By month three, everyone is uncomfortable. Don’t take it personally, but do manage it. This is no time to slow down. Doggedly move forward.

Time to Make the Donuts

The work continues. Every evening you prepare for tomorrow’s meetings. Thanks to these meetings, word is spreading about the initiative. Your executives are paying attention to the project and asking good questions. Your long week is a positive.

Well, almost a positive. Monitor your communication paths. Remember that old standby formula, “N(N-1)/2” (where N = # of project team members). Prepare yourself for backlash whispered amongst your analysts and managers. If you don’t hear of any backlash, your executive sponsor may be protecting you. Remember to ask them, “What are you hearing?” Compare notes.

Meanwhile, you are at least half way through your information mapping process. Information mapping is the “who-what-when-where-why” of object discovery that will help you create records (review, maintain, declare and delete) protocols. The exercise of information mapping requires significant metadata (and/or possibly object) review prior to the meeting. You’re codifying what records and information (RIM) exists where, how often they’re shared and by who.

As you compose maps, don’t worry if you revisit them several times. Solicit more inputs as necessary from the colleague(s) opposite you. The map will prompt them to rethink, include more or reorder their business process tasks.

As a result of these maps, you’re creating as-is and to-be states of RIM while cross-referencing thousands of information capillaries. Leverage them; highlight their usefulness to Information Technology in identifying old storage locations of legacy data, for example. Present them to department heads from a right-brain and left-brain perspective. Never forget: your goal is to create consumers of these maps. It doesn't matter what they're using them for as long as they're using them.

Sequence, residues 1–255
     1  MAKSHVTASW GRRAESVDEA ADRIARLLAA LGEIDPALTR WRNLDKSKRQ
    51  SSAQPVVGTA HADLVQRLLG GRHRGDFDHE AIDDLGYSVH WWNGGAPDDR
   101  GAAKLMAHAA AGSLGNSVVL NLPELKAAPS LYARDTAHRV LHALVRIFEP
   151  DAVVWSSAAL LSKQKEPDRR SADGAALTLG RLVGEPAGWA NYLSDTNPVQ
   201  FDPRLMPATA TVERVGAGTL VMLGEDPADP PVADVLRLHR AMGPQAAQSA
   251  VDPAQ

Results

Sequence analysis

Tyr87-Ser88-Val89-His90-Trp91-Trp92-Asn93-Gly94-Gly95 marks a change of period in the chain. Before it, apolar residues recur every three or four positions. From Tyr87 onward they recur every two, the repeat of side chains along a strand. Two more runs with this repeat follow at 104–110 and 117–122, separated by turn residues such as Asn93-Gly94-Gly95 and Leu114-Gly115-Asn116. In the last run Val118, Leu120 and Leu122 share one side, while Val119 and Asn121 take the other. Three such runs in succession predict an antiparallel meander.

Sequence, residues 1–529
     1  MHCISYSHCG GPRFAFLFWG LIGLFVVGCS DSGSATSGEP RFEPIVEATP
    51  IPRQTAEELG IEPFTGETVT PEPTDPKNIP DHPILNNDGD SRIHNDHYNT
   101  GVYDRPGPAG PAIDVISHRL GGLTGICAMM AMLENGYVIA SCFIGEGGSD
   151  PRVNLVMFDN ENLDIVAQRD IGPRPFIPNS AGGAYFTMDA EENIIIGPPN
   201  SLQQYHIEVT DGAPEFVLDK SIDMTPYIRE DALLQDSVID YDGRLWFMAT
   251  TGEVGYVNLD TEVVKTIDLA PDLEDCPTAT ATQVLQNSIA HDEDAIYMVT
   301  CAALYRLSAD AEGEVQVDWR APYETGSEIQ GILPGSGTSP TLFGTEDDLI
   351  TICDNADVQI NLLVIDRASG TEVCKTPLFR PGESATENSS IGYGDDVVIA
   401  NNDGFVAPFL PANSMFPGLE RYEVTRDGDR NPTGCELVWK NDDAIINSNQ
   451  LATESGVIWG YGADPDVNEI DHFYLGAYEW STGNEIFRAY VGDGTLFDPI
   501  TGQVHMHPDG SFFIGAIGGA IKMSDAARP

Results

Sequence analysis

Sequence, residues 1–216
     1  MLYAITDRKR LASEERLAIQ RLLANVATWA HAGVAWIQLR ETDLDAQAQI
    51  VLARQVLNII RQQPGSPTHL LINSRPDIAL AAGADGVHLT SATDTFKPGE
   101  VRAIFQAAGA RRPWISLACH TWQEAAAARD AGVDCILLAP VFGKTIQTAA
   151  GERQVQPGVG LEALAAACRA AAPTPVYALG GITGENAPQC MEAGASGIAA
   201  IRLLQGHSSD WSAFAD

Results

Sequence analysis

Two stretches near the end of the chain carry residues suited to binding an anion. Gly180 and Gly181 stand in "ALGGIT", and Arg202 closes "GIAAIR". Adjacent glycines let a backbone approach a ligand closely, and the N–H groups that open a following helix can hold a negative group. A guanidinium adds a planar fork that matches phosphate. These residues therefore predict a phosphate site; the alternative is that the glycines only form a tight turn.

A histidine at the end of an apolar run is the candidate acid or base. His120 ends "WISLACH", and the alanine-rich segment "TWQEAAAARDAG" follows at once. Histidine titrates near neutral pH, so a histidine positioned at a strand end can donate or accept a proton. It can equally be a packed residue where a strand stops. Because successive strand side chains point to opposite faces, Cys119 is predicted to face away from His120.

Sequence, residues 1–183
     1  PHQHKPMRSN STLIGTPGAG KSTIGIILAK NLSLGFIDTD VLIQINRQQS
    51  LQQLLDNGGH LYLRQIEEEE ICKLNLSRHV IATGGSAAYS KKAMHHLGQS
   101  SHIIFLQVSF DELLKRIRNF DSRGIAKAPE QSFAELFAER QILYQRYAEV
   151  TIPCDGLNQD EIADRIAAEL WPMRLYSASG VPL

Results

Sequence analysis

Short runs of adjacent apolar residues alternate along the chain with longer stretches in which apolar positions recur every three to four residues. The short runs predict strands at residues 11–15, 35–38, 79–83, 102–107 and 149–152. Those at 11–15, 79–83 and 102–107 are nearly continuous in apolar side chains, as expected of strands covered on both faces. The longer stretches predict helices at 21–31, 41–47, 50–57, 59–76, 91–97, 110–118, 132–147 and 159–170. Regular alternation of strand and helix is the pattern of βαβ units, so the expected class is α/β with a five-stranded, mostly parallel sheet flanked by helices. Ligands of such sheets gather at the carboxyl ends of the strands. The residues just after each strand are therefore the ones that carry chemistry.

I Made the Donuts

You meet yourself coming and going at this stage of the project. You've planned enough; it's time to meet with all project participants.

Don't forget to take full advantage of the time with your colleagues. Kick-off the meeting with an explanation of the entire project followed quickly by a review of the object destruction worksheets. Explain the concept of “garbage in-garbage out.” Highlight the objects eligible for destruction. Maintain a tally of objects approved for destruction out of the total objects by the object creator. Identify and monitor the colleagues most likely to delete objects of their own volition versus your formal destruction process. Automate destruction approval as much as you can. Build approval workflows in SharePoint, for example.

It's Worth the Trip

The objectives of this phase are to delete unnecessary objects, describe records flows, architect the records repository and physically manifest the records flows in production. Summarize all interviews. Remember to update your project file. Verify your schedule. What is soon to impact your critical path? Is the Information Technology team fully versed on the repository architecture? What architectural impediments prohibit repository creation? Are your records protocols created, fully vetted, and approved?

Next: creating the records training labs.

Editor's Note: Need to catch up on Mimi's ERM Journal? Start here: An Electronic Records Management Implementation Journal: Month One